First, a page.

Jacques and I had done a few lecture-demonstrations together for different churches and things. He knew that I could learn quickly, and that I would get out there and try my best, regardless of what the outcome was. He suggested to Balanchine that Suzanne learn it. Mr. Balanchine was not very interested, but Jacques coaxed him into allowing him to take me over to Diana's. She taught me, literally, while she was reclining on the chaise. It was a small living room. There was no recording of the music at that time. You couldn't dance on the parquet floor. I was just in my bare feet with her coffee table moved to the side and she was telling me things, and he was telling me things, all to no music, just to counts. It was the most bizarre way, the vaguest way of learning something that would be so physical. On the other hand, I learned something, and we showed it to Mr. Balanchine the next day. He thought it was close enough or interesting enough that maybe we wouldn't have to cancel the premiere, and he would work from there. He started to work and eventually things came together, and I did the ballet. It was great fun, and a great success. I think I am the only person who learned that ballet under the circumstances that I did. It was a great opportunity for me. It was the beginning of many ballets, many roles of hers that I would eventually learn.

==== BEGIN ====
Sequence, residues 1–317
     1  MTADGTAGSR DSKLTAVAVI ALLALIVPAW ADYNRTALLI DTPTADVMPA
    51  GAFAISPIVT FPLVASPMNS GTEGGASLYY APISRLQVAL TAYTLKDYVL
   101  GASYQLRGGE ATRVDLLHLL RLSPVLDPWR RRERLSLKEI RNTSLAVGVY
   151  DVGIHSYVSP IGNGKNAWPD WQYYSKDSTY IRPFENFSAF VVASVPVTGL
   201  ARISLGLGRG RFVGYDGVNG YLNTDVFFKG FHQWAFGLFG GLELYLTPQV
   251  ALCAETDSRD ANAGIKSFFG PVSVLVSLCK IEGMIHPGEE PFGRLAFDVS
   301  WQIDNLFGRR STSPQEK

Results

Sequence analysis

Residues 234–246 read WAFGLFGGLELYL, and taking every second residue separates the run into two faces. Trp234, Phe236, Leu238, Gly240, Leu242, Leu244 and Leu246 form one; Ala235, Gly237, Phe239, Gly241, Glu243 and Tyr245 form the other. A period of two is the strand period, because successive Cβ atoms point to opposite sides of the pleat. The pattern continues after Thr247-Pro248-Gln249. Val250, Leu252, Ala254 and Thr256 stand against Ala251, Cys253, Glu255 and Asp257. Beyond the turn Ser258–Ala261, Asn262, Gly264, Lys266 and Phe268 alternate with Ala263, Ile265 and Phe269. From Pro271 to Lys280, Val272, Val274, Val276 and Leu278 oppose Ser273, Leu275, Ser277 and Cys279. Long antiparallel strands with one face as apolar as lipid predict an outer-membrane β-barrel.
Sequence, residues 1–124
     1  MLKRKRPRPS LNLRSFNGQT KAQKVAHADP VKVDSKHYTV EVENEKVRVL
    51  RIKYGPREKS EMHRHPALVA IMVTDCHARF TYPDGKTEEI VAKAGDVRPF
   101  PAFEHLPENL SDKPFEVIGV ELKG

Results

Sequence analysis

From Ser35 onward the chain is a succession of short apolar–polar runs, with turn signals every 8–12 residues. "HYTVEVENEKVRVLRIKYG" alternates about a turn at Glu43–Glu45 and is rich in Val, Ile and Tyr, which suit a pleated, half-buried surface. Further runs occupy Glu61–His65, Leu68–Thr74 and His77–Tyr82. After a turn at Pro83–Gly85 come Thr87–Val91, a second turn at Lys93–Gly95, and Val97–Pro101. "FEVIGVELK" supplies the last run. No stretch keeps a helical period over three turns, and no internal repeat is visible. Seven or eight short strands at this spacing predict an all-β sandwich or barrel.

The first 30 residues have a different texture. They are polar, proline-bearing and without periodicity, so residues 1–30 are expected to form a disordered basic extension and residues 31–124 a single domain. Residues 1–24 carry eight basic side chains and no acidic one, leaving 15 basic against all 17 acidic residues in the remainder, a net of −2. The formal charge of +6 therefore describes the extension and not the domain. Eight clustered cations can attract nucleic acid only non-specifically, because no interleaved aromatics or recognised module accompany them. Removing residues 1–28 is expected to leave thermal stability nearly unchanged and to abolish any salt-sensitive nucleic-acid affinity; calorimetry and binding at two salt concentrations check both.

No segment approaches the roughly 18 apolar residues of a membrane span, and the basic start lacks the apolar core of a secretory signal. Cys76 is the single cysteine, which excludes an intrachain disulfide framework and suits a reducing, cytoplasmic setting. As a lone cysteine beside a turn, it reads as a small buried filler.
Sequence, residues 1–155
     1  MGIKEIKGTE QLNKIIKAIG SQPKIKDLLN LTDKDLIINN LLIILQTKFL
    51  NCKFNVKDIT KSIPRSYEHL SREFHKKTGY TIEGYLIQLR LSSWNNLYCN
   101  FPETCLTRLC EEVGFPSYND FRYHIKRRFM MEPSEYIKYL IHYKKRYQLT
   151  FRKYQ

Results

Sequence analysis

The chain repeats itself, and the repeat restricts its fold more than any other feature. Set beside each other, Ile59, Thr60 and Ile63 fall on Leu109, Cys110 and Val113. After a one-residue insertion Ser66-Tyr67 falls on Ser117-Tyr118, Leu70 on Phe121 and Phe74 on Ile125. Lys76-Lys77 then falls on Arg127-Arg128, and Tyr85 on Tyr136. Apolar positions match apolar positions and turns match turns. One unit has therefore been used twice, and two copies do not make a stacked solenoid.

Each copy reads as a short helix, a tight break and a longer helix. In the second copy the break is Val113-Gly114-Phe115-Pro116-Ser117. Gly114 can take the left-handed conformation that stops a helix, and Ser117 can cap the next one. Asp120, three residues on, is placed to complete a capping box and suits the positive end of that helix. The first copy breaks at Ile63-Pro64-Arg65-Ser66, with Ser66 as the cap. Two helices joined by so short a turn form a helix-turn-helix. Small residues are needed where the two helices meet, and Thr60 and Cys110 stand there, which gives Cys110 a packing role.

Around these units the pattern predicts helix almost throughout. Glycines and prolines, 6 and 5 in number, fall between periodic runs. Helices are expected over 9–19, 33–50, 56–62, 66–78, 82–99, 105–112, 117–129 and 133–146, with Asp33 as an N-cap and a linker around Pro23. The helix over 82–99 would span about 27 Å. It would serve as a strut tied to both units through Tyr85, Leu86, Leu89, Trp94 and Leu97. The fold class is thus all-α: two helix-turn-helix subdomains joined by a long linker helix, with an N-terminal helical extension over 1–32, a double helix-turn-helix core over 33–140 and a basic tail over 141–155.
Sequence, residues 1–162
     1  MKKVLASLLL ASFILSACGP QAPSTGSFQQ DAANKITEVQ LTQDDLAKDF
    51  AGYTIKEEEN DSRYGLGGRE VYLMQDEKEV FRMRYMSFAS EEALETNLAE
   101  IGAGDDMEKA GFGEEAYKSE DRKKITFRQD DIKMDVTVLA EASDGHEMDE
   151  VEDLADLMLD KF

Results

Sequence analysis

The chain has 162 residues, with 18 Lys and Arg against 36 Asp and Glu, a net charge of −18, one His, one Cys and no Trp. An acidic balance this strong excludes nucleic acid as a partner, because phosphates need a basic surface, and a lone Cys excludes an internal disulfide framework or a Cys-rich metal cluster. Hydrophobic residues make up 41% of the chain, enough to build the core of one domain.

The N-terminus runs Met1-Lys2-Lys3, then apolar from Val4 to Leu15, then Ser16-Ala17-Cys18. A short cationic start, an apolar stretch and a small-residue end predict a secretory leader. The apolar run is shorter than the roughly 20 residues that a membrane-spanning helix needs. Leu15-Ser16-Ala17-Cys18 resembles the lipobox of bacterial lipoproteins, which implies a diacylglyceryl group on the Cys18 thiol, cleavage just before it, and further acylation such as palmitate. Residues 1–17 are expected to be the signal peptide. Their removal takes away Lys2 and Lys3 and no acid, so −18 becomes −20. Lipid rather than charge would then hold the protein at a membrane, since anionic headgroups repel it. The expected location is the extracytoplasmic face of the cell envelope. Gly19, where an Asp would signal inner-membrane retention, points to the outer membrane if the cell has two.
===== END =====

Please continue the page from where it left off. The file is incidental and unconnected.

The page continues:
That was an inspirational story. I think it's a reflection of the kind of courage you need to be a performer, to be a dancer.

Suzanne Farrell Interview Photo
Suzanne Farrell: I was still trying to finish high school, which was always a problem between my mother and me. She wanted me to finish high school. I wanted to do what she wanted, because I still didn't know that I would have this great career in ballet, and it's important to get your education. Finally, I started learning more roles, and I just went to her one evening and cried. I said "Mother I just can't do it." By that time maybe she thought that I might have a career as a dancer.